Pilling report: Bishops accept recommendations

31 January 2014

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Deliberations: Church House, Westminster 

Deliberations: Church House, Westminster 

THE College of Bishops has accepted the recommendations of the Pilling report, but has warned that the Church of England may never agree on the issue of sexuality.

In a statement released on Monday after a day of discussing the report, the College of Bishops said that a series of "facilitated conversations" on homosexuality needed to take place within the Anglican Communion.

"This should continue to involve profound reflection on the interpretation and application of Scripture. These conversations should set the discussion of sexuality within the wider context of human flourishing," it said.

The Bishops will now ask the Archbishops to set up a group that would design the procedure for these conversations and also produce materials to enable discussion. They hope to have this completed and approved by the House of Bishops in May.

The statement warns, however, that the most that might result from these conversations within the Church would be "good disagreement".

"We acknowledge that one of the challenges we face is to create safe space for all those involved to be honest about their own views and feelings," they said.

"We recognise that we will not all agree and that this process is in part committed to seeking good disagreement that testifies to our love for one another across the Church in obedience to Christ."

In a sermon preached to the Queen and the Duke of Edinburgh in Sandringham on Sunday, the Archbishop of Canterbury repeated the suggestion that the Church must learn "good disagreement".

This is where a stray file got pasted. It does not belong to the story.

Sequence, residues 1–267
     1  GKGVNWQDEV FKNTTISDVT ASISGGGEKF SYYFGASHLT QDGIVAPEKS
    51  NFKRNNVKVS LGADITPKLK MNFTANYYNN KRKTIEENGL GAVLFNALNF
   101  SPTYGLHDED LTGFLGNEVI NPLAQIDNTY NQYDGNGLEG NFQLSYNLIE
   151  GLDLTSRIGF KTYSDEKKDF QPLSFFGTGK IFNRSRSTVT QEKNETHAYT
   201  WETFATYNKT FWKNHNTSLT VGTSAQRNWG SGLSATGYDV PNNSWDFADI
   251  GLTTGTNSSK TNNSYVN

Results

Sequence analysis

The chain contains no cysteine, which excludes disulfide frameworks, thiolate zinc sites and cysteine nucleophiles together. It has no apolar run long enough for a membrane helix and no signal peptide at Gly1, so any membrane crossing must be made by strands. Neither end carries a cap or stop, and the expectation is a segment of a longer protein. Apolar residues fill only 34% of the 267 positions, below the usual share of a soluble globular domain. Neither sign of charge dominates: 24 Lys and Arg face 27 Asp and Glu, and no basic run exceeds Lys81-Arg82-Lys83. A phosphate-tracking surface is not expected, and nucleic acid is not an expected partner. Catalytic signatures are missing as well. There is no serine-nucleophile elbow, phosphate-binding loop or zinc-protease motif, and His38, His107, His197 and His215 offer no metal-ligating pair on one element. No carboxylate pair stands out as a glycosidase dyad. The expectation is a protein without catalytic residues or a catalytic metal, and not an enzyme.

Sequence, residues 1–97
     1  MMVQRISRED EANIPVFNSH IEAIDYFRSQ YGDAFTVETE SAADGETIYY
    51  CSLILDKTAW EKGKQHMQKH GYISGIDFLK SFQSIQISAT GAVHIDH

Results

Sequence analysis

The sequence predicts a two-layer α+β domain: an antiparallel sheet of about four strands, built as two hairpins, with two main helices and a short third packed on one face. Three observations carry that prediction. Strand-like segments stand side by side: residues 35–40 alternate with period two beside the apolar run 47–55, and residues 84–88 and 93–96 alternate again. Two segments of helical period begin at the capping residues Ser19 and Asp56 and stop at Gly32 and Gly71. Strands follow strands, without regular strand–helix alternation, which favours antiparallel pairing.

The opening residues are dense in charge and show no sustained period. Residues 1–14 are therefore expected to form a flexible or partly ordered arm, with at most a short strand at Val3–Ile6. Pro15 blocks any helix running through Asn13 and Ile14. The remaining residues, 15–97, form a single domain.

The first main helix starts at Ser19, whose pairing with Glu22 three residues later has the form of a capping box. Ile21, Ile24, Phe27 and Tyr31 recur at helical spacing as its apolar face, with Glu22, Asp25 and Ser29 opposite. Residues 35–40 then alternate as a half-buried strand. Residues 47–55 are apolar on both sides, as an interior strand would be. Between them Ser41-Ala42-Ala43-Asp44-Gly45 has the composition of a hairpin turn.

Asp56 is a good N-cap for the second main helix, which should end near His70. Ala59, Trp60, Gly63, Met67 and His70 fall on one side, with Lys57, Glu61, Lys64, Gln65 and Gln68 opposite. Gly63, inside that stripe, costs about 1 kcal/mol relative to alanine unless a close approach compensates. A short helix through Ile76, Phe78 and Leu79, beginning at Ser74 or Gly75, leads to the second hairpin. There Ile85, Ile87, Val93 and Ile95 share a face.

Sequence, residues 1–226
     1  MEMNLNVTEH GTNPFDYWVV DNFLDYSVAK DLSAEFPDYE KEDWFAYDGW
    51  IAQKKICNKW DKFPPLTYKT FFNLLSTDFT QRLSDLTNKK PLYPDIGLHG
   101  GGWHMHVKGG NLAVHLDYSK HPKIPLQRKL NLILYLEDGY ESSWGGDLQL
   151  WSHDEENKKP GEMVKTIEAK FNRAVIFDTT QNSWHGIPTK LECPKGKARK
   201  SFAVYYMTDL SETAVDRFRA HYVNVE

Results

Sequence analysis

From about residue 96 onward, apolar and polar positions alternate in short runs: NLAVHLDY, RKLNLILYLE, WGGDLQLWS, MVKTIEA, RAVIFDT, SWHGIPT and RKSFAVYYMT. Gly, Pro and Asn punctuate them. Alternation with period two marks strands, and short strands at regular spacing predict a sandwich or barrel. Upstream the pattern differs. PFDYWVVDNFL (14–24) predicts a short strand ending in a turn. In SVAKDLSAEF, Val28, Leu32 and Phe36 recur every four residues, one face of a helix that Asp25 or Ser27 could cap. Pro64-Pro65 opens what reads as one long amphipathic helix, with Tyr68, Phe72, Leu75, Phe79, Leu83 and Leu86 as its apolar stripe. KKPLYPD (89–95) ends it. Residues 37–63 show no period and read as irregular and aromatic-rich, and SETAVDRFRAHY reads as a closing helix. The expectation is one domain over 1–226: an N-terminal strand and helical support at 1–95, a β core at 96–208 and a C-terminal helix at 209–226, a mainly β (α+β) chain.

"Christians will never all agree on everything: they never have," he said. "That is true for the Church of England, let alone the Anglican Communion in 145 countries. Christ does not command unanimity, but love and unity in diversity. So we must be reconciled to each other in love."

The College statement emphasised that the Bishops were united in affirming the presence and ministry in the Church of gay and lesbian people - both clergy and laity. The statement also said: "We are united in seeking to be faithful to the Scriptures and the tradition of the Church and in seeking to make a loving, compassionate and respectful response to gay men and women within Church and society."

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Released in November, the Pilling report, by the House of Bishops' working group on human sexuality, chaired by Sir Joseph Pilling, also recommended that clergy be allowed to hold public services to "mark" same-sex relationships, (News, 29 November).

Nevertheless, the College of Bishops insisted that the report did not create any new "pastoral and liturgical practice", and that the Church's teaching on marriage had not changed.

Writing in response to the bishops, the Archbishop of Kenya, the Most Revd Eliud Wabukala, strongly criticised the decision to go ahead with facilitated conversations.

Archbishop Wabukala, who also chairs the GAFCON Primates' Council, said in a statement: "We cannot allow our time and energy to be sapped by debating that which God has already clearly revealed in the Scriptures.

"While we should be thankful that the College of Bishops did not adopt the idea of services for blessing that which God calls sin, it did unanimously approve the conversation process and this is deeply troubling.

"The underlying problem is whether or not there is a willingness to accept the bible for what it really is, the Word of God."

He also said he rejected the idea these conversations should happens across the Anglican Communion, arguing they were a particular problem for the Church of England only.

 

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